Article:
(This blog was entered in my first blog site created, I have decided to consolidate my entries. This was written on day 228 of my alcohol sobriety journey. Currently, I am on day 467)
“So did you have a problem?” The typical response I receive when I tell people I don’t drink. Clearly, there must be something wrong with me if I can’t kick back and have at least a glass of wine a couple times a week. What does a “problem” look like? How do I quantify that? “So you never drink?” “You haven’t had even a little since you quit?” Nope, it’s my normal now. In fact, now that I look back, I had a problem.
By definition I was a “heavy alcohol user”. SAMSHA defines heavy alcohol use as binge drinking on five or more days in one month. So, if someone drinks once a week in a binge drinking fashion (four drinks for women in about two hours), they are defined as being a heavy alcohol user. I know of SEVERAL heavy alcohol users.
However, during my drinking years, I drank well over the definition. Yes, I had a problem.
I’d start my evening by cracking open a Stella, or opening a bottle of wine while I made dinner. By the time AJ went to bed, I was feeling pretty good. In hindsight, I don’t think feeling foggy, tired and rundown classifies as feeling good. I’d possibly start a piece of art or watch a movie, still drinking. I might have to restock the fridge or open another bottle of wine. Some nights I would leave about a half glass in the bottom, so in the morning I could tease myself about not having finished an entire bottle. Then I discovered box wine. It lasted a lot longer, and I really had no idea how much wine I was drinking per night. Most nights.
Another fight, I’m crying, I’m screaming, I’m puking, I’m trying to cut myself, I’m yelling, I’m crying more, I’m passing out…..”good morning, baby”. I can’t tell you how many times I ended my nights like this, only to have everything swept under the rug like it didn’t happen. After a few dust bunnies get piled up, it doesn’t take long before something comes out. My relationships were atrocious. I overlooked so many things. I could feel my intuition screaming at me, but I would stay. Alcohol not only allowed me to brush off any emotions and the hard shit we all need to release, but it would drown out my intuition. Alcohol is loud and it has a sneaky way of taking over.
My friendships weren’t much better. I’d wake up wondering the next day if my friends still wanted me to be around. “I said WHAT?!” I would reread text conversations and cringe. I once was at Lazy Gators and I was being fed (multiple) super strong “Adios Amigos”. It’s half pina colada, half strawberry daiquiri and a test tube of Bacardi 151. I ran into a bachelor party, asked the groom why the fuck he was getting married yelling “Don’t do it!, Don’t do it!”, took their volleyball, chucked it over into the lake, and got charged for a ball. My drinks were free, probably because I was half-naked, wasted and overtly sexual. We left, I passed out on the boat and as soon as we walked inside I puked in the kitchen sink. I woke up with my pants changed, and couldn’t find my phone, license or credit card. When I found the phone, I had several missed messages from random numbers. It’s a wonder I was ever invited anywhere.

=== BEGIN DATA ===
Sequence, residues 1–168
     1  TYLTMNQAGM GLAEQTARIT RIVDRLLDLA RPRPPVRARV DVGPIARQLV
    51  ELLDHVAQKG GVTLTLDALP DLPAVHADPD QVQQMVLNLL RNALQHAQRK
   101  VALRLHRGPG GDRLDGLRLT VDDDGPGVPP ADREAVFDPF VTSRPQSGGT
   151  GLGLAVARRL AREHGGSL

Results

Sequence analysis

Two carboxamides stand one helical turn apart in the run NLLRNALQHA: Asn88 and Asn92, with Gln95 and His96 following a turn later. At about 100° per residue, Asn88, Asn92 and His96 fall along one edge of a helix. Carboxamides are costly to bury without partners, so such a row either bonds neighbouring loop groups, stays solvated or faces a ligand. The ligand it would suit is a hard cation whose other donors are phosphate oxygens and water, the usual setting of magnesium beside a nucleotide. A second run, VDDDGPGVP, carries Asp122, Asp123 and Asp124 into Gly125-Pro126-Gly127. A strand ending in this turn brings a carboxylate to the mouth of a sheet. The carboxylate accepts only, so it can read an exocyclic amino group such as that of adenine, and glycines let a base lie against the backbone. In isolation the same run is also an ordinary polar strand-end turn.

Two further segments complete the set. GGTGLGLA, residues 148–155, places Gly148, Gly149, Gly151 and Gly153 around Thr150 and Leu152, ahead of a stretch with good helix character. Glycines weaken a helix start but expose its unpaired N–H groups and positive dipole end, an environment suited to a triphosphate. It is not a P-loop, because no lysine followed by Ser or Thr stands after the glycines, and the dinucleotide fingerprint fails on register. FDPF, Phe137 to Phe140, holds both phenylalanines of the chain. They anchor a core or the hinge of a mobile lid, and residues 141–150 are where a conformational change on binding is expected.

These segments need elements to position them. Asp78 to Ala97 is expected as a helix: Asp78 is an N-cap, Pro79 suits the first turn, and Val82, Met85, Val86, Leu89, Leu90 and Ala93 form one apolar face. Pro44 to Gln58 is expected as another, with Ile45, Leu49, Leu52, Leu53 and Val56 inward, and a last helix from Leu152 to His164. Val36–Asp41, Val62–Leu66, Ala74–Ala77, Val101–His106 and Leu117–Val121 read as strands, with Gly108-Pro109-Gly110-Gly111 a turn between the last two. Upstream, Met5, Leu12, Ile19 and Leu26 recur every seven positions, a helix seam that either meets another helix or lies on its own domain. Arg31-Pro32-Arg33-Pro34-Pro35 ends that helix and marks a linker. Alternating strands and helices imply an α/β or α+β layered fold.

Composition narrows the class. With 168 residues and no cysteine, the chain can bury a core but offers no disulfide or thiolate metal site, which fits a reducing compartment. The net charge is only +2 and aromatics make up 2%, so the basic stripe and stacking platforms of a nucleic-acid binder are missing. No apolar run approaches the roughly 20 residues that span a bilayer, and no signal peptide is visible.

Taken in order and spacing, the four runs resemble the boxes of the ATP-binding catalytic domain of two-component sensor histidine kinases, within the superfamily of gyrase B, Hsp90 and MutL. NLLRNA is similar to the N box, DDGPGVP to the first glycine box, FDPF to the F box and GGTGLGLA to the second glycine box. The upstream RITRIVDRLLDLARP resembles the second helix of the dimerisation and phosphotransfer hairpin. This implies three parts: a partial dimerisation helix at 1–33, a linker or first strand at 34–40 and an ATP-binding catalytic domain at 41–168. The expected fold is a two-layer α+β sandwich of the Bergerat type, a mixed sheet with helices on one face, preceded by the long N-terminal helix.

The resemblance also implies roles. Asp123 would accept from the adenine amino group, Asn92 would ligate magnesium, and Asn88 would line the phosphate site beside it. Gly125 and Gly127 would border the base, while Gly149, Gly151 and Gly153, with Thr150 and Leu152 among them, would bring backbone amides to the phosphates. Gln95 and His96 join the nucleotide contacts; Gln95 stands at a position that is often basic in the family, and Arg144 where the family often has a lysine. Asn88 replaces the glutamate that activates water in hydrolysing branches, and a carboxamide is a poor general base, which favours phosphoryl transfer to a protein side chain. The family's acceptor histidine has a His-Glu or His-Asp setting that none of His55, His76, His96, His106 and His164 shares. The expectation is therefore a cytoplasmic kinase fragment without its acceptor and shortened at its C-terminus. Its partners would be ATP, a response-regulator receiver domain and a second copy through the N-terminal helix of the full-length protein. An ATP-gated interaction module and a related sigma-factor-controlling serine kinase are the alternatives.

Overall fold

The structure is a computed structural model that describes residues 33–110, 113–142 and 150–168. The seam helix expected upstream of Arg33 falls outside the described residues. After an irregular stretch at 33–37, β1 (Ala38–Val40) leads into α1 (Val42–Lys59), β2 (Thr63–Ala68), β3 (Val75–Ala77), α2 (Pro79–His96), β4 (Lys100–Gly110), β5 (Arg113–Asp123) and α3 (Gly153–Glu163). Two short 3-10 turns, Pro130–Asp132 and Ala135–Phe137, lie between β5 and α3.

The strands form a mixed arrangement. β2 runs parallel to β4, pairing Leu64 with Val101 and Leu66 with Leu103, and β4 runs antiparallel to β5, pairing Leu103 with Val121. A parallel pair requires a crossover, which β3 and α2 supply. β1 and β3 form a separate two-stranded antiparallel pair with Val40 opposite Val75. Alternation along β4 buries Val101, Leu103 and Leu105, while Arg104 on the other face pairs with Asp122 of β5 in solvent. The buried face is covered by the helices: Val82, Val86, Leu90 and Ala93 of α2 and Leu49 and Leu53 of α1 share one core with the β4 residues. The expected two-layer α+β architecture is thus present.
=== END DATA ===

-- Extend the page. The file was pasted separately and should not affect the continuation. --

To wake up without a hangover, every morning, is the most amazing feeling ever! I used to roll out of bed, my head pounding, eyes heavy, my stomach upset and my mouth a disgustingly dry pit of regret most mornings. I began to remedy these hangovers with the inherited knowledge “the hair of the dog that bit you”, be it a beer or a bloody mary. I guess I had a bit of a problem.
I would do some CRAZY shit! I look back at things I did when I was drinking that could’ve ended very badly. Dangerous things, stupid things, irresponsible and unhealthy things. And, I did them often. Just getting in a car and driving after a few drinks is dangerous, yet how many people do you know that casually go to happy hour for 3-5 cocktails in a couple hours, then drive home? I left on tour with guys I met in a band (granted I got to know one member pretty well before said trip), I ended up in Wichita and had practically strangers come pick me up. I would have strangers in my hotel room (at least I didn’t drive home, right?), strangers come over to my house, wake up in strange places. Waking up in a stranger’s house, that’s always fun. The next morning awkward hangover goodbye, sometimes complete with selfish sex and more regret. Or texting your exes while you’re out, or worse, having them over for sex that you’ll feel terrible about in the morning.
It was a cycle I didn’t really see any way out of. I was around it all the time, people who drank constantly, that was what I did in my leisure time. It was what I did during my work time. I had to cut the cycle and get out of the environment that was enabling my behavior. I had to quit bartending on the plaza. I had to stop going to bars.
Thankfully, my boyfriend at the time was sober. I was blessed that he was someone who would help to support my transition. There was no blurring of anything with us sans booze. I could see right through him, but that’s another story. I am forever grateful to him for helping me with that first big hurdle. I also attracted friends who wanted to quit drinking, cut back, had been sober for years and those who cared more about their bodies than to party. I broke the chain.
“Did you have a problem?” Yes, I used to, but now I get to tell my story of how I found my way out of the dark.